Total Resistance: The Swiss Cold War manual inspiring Ukraine’s fight against Russia

A Swiss 1950s guerrilla warfare handbook has found new readers in Ukraine, providing inspiration to Ukrainian soldiers fighting the Russian invasion, writes Clare O'Dea.

A Swiss military member holds a flag at an army exercise. Photo: Fabrice COFFRINI / AFP
A Swiss military member holds a flag at an army exercise. Photo: Fabrice COFFRINI / AFP

Total Resistance by Major Hans von Dach was conceived as a manual on how to resist a hypothetical Soviet invasion on Swiss soil. Now it’s a bestseller in Ukraine.

The Ukrainian translation of the field manual comprises two of the original seven volumes, and was first published by Lviv-based Astrolabe Publishing in 2014, the year Russia annexed Crimea. Now in its eighth edition, 100,000 copies have been distributed in the country and it has become a symbol of resistance.

“Most of the equipment von Dach mentions is the same as what we’re using. In the regular artillery and infantry, we have mortars, rifles and grenades. And when it comes to retaking small towns and villages, you still need to send people to shoot guns,” Eugene Slavnyi, an avid reader of the manual, told The Local Switzerland.

A video producer in Kyiv in normal times, Slavnyi’s life changed completely at the end of February. Now a first lieutenant in the Ukrainian army, he has been on active duty since then and was among the troops that drove the Russian army away from the territory it had occupied north of the capital.

“I wanted to read something about warfare, not theory or inspirational stuff but practical tips. And this was the first thing that came up in Ukrainian when I googled,” Slavnyi told The Local.

“The concept of the book is the same as this Russian invasion because this book was about the Swiss protecting their motherland. I also thought the Swiss army is pretty cool and they know how to fight,” he said. 

Published in 1957, Total Resistance did not seem so far-fetched at the time, coming as it did just after the Hungarian Uprising was crushed by Soviet forces, and not long after the atrocities of Second World War. It became a bestseller but soon ran into controversy due to its popularity with subversive groups.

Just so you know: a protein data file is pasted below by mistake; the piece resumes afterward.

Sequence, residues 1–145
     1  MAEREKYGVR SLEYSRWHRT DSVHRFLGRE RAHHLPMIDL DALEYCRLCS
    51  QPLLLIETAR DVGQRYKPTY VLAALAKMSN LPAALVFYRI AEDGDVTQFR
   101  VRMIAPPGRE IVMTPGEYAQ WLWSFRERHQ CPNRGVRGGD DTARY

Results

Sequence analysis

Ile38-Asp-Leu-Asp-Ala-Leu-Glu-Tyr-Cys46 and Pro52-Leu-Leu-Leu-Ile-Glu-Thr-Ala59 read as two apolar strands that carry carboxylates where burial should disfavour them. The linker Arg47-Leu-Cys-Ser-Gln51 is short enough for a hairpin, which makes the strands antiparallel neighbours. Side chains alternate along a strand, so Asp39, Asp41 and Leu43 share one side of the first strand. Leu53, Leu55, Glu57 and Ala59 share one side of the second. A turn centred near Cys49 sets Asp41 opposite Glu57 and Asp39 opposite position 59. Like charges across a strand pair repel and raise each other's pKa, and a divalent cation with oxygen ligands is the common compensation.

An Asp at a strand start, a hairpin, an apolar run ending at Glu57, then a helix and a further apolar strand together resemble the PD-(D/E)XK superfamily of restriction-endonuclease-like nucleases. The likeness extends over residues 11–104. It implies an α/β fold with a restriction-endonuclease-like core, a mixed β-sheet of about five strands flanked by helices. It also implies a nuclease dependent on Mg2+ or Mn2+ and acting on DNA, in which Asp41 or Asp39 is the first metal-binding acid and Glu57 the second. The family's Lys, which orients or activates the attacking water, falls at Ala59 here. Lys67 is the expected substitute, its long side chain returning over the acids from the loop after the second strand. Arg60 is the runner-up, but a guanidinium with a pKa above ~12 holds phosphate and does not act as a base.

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Written in a friendly, accessible style with von Dach’s own hand-drawn illustrations, the book lays out the moral principles, strategic goals, tactics and military techniques of a so-called small war.

The cover of Total Resistance in German.By Hans von Dach -, digitally edited, Fair use, Creative Commons

The cover of Total Resistance in German. By Hans von Dach –, digitally edited, Fair use, Creative Commons

It gives instructions on organisation and a wide range of combat actions such as the sabotage or ambush of vehicles, disrupting railroads and communications, how to ‘dispose’ of guards, the concealment of weapons, making homemade grenades and so on.

“The part about fighting in the forest is very good so I used a lot from it, even advice like where to position machine guns and grenade launchers. It even tells you basic things like how long it takes to dig a trench,” Slavnyi said.

Born in 1927, Hans von Dach was a military theorist and prolific writer from Bern, considered an outsider in his day, according to Swiss historian and journalist Thomas Buomberger.

“Von Dach was not officially commissioned to write the book, he did it on his own initiative. He had a very good knowledge of these tactics which he explained in great detail. Because of that detail, this is a very dangerous book,” Buomberger told The Local Switzerland.

Astrolabe Publishing launched a military periodical in 2009 alongside its range of fiction, philosophy and psychology titles. When the editor-in-chief, former university professor Oleh Feschowetz, started looking for material abroad, he came across Hans von Dach’s work and obtained the Ukrainian translation rights.

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Feschowetz regularly receives messages of thanks from officers on active duty and is convinced the book has had a concrete impact on the war. “If you look at how our army units or territorial defence units operated in late February and in the first half of March in the north and east of the country, this can rightly be described as a ‘small war’, the tools of which are well described by Hans von Dach,” he told The Local Switzerland.

Astrolabe has also published four volumes of another von Dach title Combat Technique, which is aimed at training regular army units. The first edition in Ukrainian was published in 2015. Both books come with extensive footnotes added for Ukrainian readers.

“We are currently working intensively on the preparation of the remaining parts of both Total Resistance and Combat Technique, and we want to publish all of them in the near future. We reproduce the original editions absolutely accurately, without deleting anything,” Feschowetz said.

Of Astrolabe’s 100,000 copies of Total Resistance, 20,000 were distributed for free to members of the armed services. Since the Russian invasion, the book has been available to download for free from the publisher’s website. Feschowetz also plans to obtain the Belorussian rights for Total Resistance and make that available for free.